Aermacchi was a fabricator of aircraft for Italy’s war machine during the Second World War. After the defeat of the Axis powers, the company turned its efforts to the production of motorcycles and bikes. In collaboration with Harley-Davidson, many Aermacchi motorcycles found their way to America in the 1960s to meet the growing demand for two-wheeled transport. And this is one of them, a 350cc Sprint now owned by Philadelphia-based Bill Becker.
Rebuilding motorcycles is Bill Becker’s passion. After retiring from a successful 40 year career in architectural design and construction, Becker now turns his energy to what he calls “performance based design”—taking vintage motorcycles, fixing what worked well and improving what didn’t.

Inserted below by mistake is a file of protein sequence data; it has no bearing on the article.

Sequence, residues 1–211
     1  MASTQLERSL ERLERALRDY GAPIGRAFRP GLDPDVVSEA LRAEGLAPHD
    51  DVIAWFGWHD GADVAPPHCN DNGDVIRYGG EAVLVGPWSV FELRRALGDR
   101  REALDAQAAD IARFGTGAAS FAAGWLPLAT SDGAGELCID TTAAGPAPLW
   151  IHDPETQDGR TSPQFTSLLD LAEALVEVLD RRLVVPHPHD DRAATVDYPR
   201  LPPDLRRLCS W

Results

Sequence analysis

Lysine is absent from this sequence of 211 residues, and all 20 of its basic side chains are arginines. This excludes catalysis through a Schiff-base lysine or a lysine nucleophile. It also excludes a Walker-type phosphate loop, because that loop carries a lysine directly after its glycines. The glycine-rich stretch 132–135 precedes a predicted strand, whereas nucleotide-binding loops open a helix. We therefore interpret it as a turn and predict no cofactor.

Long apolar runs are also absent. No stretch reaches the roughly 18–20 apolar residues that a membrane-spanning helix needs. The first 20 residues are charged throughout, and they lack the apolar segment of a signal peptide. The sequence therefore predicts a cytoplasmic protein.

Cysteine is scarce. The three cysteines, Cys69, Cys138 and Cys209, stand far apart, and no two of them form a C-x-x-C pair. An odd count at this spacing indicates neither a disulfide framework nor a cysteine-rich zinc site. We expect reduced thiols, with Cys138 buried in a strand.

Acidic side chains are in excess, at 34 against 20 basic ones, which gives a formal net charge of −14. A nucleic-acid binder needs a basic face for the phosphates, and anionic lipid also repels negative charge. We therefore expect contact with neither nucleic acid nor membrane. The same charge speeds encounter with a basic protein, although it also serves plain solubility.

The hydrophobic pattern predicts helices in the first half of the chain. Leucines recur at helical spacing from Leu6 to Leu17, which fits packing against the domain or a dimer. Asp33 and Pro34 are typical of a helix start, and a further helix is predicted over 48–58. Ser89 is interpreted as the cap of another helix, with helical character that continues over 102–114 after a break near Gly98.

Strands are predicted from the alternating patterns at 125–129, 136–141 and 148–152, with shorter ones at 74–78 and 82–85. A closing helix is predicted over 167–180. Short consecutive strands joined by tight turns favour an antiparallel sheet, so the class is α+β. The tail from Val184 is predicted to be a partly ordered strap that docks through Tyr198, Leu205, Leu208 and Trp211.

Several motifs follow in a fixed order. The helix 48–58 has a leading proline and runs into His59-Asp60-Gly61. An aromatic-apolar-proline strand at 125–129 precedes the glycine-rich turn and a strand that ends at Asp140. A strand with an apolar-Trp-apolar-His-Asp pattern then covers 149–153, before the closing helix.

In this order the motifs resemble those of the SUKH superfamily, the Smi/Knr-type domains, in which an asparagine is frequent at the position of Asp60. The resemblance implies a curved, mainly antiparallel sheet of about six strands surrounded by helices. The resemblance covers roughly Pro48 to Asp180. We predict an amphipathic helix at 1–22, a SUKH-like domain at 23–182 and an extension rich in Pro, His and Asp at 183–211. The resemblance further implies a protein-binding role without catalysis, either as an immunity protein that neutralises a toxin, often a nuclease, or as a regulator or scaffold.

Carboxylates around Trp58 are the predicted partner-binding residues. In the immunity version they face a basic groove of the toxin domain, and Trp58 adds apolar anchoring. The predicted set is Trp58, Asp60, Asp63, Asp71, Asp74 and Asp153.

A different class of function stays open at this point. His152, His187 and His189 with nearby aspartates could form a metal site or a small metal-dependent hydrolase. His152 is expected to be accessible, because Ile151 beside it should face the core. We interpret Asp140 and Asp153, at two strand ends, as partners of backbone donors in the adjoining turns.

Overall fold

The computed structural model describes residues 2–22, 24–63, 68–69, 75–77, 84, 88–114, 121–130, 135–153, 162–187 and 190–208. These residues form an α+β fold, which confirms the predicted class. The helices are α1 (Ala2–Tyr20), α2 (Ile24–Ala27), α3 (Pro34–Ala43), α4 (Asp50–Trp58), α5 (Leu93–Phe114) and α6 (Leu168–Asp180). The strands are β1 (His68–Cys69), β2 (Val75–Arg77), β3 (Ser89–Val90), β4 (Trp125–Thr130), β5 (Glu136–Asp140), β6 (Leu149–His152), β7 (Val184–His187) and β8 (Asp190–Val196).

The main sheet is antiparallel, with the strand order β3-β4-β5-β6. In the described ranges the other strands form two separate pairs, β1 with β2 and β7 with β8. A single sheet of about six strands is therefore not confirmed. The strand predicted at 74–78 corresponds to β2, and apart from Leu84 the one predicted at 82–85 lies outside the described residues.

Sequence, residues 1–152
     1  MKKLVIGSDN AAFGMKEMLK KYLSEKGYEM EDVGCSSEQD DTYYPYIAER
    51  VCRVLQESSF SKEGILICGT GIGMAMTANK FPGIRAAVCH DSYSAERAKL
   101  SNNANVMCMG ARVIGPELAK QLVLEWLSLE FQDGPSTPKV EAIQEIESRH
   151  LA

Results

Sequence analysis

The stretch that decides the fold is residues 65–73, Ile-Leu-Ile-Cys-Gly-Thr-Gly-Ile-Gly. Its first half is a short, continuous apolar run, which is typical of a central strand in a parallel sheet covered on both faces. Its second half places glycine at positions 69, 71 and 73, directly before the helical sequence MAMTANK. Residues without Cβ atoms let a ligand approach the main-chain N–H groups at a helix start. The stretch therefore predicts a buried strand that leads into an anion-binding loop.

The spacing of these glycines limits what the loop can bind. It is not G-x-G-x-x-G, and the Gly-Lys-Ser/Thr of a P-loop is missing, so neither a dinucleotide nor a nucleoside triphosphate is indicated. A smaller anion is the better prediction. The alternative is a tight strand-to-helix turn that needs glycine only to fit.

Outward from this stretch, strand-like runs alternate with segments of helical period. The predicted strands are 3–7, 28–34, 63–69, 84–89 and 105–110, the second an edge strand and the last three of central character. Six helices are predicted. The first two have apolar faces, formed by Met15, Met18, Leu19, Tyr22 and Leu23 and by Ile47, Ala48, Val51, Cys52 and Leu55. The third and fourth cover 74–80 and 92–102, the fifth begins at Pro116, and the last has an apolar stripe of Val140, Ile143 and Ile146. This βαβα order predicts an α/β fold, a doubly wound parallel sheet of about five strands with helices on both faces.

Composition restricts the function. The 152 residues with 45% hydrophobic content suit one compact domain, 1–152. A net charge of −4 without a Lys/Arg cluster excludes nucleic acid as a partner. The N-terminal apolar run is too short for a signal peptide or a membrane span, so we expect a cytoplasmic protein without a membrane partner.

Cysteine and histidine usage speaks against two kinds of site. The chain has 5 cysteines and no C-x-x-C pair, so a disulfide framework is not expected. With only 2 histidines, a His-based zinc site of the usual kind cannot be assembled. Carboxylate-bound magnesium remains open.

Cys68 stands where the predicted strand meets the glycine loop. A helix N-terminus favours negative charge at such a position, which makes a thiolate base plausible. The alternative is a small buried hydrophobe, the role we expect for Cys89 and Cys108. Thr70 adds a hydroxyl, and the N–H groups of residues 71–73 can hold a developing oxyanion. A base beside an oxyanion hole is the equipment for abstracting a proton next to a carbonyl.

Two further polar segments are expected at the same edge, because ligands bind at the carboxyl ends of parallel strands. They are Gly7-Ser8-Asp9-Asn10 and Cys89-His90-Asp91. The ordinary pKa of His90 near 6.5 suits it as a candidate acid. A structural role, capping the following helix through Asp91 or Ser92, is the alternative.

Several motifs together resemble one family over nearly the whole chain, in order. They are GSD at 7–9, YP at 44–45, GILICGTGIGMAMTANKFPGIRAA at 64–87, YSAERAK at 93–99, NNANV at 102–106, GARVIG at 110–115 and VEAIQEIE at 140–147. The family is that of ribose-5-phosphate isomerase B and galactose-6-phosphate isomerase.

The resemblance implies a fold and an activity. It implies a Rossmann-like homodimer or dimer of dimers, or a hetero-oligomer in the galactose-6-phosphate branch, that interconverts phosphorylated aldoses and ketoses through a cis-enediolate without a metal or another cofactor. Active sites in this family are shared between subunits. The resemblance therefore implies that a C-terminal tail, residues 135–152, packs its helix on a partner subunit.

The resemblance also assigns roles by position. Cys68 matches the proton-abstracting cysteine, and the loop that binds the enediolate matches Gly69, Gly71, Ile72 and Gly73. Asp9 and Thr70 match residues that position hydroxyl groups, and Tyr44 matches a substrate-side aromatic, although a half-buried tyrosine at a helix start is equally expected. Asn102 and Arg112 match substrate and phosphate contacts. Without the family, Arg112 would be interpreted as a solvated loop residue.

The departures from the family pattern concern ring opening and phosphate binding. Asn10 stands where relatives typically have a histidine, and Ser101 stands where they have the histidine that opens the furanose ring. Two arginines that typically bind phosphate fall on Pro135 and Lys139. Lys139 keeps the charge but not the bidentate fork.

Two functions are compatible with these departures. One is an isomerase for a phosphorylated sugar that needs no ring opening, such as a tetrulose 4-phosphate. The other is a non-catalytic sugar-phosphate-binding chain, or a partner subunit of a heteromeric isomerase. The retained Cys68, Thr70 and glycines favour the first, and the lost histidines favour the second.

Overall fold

“In the process, my bikes take on a more purposeful appearance,” he says. “One which expresses what they were meant to do—go fast and maneuver well. As most designers and artists mature, they learn to become more ‘reductive’ in what they try communicate through their designs … it has the effect of better expressing the purpose of the parts, and giving more power to the overall composition.”
When restoring this 1966 Sprint, Bill modeled it after the Aermacchi racing bikes he’d observed in vintage racing competitions. “I endeavored to make it as lightweight and ‘naked’-looking as possible,” he says. “Everything extraneous has been removed, and all the electrics have been tucked up under the gas tank or seat.” The fittings for the smaller tank, racing seat and lights are custom fabricated from aluminum alloy, and the two-tone red paint scheme reflects the Italian racing motorcycles of the 1960s.
As well as his Aermacchi, Bill also owns a 1975 Norton Commando café racer, a 1973 Yamaha RD350 street tracker, a 1988 BMW K75 and a 1949 CZ—which is currently under construction. It’s safe to say they’re all in very good hands.
All images © Roman Torres/Pixelcraft, used with permission. Thanks to Marc Grossman for the tip.